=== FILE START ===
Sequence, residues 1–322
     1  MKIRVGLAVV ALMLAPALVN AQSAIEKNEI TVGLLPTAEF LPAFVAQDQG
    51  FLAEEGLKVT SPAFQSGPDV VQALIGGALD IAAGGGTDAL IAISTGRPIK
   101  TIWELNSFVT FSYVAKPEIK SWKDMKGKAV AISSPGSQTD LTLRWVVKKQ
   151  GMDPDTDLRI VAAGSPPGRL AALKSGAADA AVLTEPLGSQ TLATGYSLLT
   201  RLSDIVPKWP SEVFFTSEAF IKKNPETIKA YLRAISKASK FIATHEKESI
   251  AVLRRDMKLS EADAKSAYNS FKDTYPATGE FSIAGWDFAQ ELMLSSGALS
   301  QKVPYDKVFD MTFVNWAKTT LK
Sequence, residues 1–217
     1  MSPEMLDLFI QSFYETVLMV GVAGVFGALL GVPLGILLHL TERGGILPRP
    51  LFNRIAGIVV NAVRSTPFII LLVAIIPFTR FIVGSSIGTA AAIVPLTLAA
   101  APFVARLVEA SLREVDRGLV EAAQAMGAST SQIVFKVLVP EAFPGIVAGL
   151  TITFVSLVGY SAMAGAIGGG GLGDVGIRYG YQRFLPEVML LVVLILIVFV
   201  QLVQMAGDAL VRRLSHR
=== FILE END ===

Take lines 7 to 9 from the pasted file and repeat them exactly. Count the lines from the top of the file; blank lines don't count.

   251  AVLRRDMKLS EADAKSAYNS FKDTYPATGE FSIAGWDFAQ ELMLSSGALS
   301  QKVPYDKVFD MTFVNWAKTT LK
Sequence, residues 1–217